One of the crew is perched on the rocks above, watching, it turns out, for crocs.
Saltwater crocodiles are found right up this stretch of coastline in the Kimberley and they are not to be messed with. Needless to say, we keep to the shallows, only a couple of blokes game to explore the rock shelves.
To grasp the sheer scale of this region you need to see it from the air. One of the truly magnificent things about True North is that it has its own helicopter and we take to the skies . . . often.
From the air the archipelago looks like a maze. The giant sandstone cliffs date back 1.8 billion years. We peer down through the azure waters searching for crocs and spot one sunning itself in the shallows. We circle back for a closer look but it's gone.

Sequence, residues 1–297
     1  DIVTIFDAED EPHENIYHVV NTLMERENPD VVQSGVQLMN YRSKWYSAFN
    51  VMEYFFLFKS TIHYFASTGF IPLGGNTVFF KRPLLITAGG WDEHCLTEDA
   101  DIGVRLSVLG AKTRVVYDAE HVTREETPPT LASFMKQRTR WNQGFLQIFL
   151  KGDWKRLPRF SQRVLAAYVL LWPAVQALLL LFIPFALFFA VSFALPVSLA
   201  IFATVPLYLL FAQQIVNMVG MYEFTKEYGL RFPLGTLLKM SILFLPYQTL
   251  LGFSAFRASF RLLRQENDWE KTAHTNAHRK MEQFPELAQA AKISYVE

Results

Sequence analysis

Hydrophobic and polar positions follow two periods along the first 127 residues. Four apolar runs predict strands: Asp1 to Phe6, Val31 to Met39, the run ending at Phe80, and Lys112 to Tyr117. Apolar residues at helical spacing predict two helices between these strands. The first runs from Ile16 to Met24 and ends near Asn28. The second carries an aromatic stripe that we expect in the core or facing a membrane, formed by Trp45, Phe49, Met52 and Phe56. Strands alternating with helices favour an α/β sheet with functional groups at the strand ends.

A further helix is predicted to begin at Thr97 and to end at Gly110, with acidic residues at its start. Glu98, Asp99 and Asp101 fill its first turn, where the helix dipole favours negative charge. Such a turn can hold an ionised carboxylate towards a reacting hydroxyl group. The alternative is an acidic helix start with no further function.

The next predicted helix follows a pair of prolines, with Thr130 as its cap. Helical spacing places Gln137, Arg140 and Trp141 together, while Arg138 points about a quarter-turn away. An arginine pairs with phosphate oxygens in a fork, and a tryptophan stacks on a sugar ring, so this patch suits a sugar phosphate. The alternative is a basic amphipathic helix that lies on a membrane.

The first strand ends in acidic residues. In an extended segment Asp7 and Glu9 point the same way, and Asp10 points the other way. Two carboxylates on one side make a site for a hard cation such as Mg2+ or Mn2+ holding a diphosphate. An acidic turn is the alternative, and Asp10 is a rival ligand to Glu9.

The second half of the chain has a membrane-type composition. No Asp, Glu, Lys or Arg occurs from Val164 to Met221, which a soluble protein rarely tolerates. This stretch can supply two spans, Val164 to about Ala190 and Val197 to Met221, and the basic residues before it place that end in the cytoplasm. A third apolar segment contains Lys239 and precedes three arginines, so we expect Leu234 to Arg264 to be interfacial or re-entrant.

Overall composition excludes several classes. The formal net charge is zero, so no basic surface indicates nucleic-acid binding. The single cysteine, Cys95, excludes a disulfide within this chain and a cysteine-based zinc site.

Riding the Kimberley's Horizontal Falls reminds me of Skippers in Queenstown. There are two narrow gaps in the sandstone and the water rushes out at low tide and rushes back in as it rises again.
Timing is everything in the Kimberley. The tides rule our lives. It's a wild ride, the second narrower passage considered too dangerous for us to navigate. It is an extraordinary phenomenon in an otherwise flat piece of ocean.
The Kimberley is full of surprises. Not the least of them the wildly beautiful Montgomery Reef, about 20km off the central Kimberley coast. Here again it's the changing tide that creates magic. The reef seems to rise from the deep before our eyes and water rushes off in myriad mini waterfalls. We see turtles and giant rays wallowing in the lagoon, sharks and wading birds. The view from the chopper reveals how truly grand this reef is, stretching over nearly 400km.